This month I’m delighted to connect with Dana Davis, Vice President of Sustainability, Product and Business Strategy at Mara Hoffman, a brand that stands for more than just clothing. The company looks for ways to be an advocate for women’s rights, spirituality and the environment.
Mara’s strong voice and vision make her anything but conventional and her brand’s approach to sustainability is truly admirable. In 2015, the company began learning about and exploring alternative options in the apparel industry. Although they’re humble in saying that they have a long way to go, I’m continually inspired by their willingness to take on this tricky task head on and to continue to set goals for even greater levels of sustainability.
To start, how would you describe Mara Hoffman’s aesthetic and brand ethos to those who are not already familiar?
We’re committed to evoking beauty and joy. There’s a strong devotion to color and to the women who inspire us across our collections. Our intention is present in every step of the process, from design to production to how we communicate. We choose the best materials whenever possible, always evaluating our environmental impact and talking to our customer about it, asking them to hold us accountable and hold other brands accountable as well. In everything we do, we always aim to lead with love.
I realize that founder Mara Hoffman decided to shift the way the brand was manufacturing back in 2015. What triggered this change?
With a growing awareness of the fashion industry’s environmental impact came a growing awareness that we could no longer produce in the same way we had been. It became a change or close shop moment. We chose the former.
What were some of the first steps that you made to manufacture your clothes with greater care to reduce your impact?
We started by switching out some of our conventional fabrications for more sustainable materials and moved from wet printing to digital printing. It’s a constant process of evaluating our supply chain and approach, looking for next steps and learning from the ones we’ve already made.
What are some tips you have for others who want to manufacture their product in a more ethical and socially conscious way but may not be sure where to begin?
Start slowly. Begin by researching and reaching out. We could not have gotten to where we are today without the openness and support of others in the industry.
Start small. Look at the manageable initiatives you can implement. Is it switching fabrics? Changing the way you print? How can you design to minimize waste?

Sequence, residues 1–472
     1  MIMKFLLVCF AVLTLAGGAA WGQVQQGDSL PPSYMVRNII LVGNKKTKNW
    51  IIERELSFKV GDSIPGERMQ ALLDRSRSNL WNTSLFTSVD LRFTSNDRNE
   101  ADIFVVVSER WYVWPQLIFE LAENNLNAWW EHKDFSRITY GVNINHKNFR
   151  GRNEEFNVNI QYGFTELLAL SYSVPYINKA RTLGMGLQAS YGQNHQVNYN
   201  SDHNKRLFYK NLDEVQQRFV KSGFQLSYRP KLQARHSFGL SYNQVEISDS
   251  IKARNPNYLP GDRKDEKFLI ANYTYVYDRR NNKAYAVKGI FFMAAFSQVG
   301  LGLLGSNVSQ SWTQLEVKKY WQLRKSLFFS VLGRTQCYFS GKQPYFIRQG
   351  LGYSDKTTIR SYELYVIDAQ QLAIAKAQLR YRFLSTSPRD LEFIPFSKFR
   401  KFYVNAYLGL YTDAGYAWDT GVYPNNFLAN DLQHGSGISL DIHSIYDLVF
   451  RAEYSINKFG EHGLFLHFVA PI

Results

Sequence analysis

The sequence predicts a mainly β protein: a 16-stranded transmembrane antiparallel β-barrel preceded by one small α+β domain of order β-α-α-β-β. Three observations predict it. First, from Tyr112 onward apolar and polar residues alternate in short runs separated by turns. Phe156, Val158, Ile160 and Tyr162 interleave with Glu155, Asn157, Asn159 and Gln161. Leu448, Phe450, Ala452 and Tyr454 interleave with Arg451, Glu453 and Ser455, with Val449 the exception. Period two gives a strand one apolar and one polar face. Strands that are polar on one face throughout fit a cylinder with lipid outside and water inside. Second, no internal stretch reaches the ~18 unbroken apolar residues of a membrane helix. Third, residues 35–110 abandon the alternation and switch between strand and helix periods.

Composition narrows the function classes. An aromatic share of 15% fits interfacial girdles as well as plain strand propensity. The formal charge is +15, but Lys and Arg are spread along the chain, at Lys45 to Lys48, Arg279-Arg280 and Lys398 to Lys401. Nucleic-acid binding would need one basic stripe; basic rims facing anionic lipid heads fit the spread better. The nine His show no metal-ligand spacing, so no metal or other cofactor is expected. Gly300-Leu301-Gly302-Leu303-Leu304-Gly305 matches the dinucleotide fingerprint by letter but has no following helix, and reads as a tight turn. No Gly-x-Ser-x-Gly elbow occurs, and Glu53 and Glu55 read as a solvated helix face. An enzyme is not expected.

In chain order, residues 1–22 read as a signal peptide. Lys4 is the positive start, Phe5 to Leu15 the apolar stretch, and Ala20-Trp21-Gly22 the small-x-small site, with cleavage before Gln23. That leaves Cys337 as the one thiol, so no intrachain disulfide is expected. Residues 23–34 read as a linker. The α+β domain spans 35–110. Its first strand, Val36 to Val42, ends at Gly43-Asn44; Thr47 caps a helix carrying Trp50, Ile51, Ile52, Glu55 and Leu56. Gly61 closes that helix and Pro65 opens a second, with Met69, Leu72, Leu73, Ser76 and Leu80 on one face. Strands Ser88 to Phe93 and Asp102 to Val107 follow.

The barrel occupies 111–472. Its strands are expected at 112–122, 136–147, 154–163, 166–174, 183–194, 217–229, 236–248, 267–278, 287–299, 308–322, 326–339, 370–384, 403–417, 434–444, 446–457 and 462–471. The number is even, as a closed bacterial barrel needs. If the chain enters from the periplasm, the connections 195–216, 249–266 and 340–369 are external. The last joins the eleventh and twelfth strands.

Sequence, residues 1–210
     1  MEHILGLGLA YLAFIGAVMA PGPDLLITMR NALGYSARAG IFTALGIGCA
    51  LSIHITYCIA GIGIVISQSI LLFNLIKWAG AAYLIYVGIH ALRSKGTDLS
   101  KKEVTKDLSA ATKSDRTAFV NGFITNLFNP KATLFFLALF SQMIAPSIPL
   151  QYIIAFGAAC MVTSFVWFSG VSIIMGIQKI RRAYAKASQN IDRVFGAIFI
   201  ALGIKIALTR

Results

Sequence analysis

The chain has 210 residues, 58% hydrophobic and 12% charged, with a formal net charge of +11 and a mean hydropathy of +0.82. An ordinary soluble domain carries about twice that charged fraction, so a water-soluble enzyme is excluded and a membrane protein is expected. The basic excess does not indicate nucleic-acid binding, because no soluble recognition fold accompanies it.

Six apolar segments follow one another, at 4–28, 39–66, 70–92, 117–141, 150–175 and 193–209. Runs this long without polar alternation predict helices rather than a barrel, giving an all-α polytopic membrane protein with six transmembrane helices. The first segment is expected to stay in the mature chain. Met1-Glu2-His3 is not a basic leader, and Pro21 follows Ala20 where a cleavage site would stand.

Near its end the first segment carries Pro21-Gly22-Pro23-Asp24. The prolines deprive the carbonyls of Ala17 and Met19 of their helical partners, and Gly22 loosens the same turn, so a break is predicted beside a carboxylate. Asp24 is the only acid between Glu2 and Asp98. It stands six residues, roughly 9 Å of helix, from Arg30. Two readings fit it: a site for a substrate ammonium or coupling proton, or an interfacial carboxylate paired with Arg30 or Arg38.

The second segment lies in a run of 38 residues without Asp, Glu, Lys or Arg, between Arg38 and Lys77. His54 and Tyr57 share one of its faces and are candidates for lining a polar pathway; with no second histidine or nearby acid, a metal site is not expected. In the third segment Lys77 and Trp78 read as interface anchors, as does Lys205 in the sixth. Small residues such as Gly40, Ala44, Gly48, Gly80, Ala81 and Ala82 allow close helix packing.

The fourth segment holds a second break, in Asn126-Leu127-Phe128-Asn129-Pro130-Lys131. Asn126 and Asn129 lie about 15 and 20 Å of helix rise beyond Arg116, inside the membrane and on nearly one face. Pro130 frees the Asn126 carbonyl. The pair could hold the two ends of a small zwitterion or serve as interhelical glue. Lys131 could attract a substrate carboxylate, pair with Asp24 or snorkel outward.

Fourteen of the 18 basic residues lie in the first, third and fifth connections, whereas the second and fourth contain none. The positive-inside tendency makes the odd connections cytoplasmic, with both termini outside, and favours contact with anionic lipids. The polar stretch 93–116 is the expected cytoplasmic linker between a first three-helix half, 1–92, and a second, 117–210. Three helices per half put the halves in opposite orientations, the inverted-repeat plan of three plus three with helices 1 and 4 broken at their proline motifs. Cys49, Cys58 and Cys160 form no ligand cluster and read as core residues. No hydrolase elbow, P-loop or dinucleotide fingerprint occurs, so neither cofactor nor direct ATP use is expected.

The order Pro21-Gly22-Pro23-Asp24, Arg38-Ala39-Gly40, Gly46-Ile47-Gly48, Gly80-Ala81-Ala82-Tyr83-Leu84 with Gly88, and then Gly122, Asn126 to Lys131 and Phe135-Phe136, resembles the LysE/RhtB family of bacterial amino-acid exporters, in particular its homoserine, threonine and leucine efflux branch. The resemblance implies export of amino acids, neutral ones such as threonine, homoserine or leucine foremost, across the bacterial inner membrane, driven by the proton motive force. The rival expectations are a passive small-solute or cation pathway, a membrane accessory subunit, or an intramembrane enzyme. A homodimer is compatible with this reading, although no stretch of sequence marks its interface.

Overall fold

Don’t be afraid of trial and error. One of our greatest lessons was learning how to navigate authenticity, transparency and honesty. We shifted our business because we have a responsibility to this planet and its people. Some changes worked, some didn’t. We’re open about these and continue to move forward slowly but surely.
Do you find that marketing all the good that you do has led to greater sales?
This started as a moral inventory check for us; it was a change that came from the gut feeling that if we chose to stay in business as an apparel company then there were radical shifts we needed to make. The communication piece came later. Marketing sustainability is not a tool we use for sales. We speak about our efforts in order to educate others and to hopefully inspire our customers to take this into their own hands, to take action and hold other brands accountable as well. We’ve received some great feedback but it hasn’t dictated the trajectory of our business.
How did your clients first react to the shift? Do you think you were able to capture new clients because of it?
We received positive feedback from those already interested in the shift towards sustainability. We definitely captured new customers because of these changes but it was customers that had already made a commitment to only shopping responsibly, or from sustainable brands. We’re determined to get the attention of those not yet invested in sustainability but who might be interested in our work and that of like-minded brands. This is where the change happens.
How much of Mara’s line is currently made by artisans?
Approximately 10% of our 2018 offerings were made with artisans in some capacity.
How do you handle quality control with the artisans you work with?
Currently we are only working with artisans who have an agent overseeing their production. They also do on-the-ground quality control audits and are able to communicate these findings directly back to us.
From your perspective, what support do you think the artisan sector needs in order to be able to successfully work with brands like Mara Hoffman that have tight deadlines, short lead times, and a need to produce volume?
For artisan relationships to be mutually successful, we believe that they need true business management support from their partners. We believe that brands should assist with creating greater market access to help overcome some of the obstacles faced by different artisan groups.
Communication can also be a big hurdle for artisan partners, but with the right support, it’s manageable. In terms of deadlines or volume, we haven’t really hit any issues. When choosing our artisan partners, we worked to ensure that they were able to take on these requirements from the outset, which has led to really successful partnerships.
For more info, please visit: www.marahoffman.com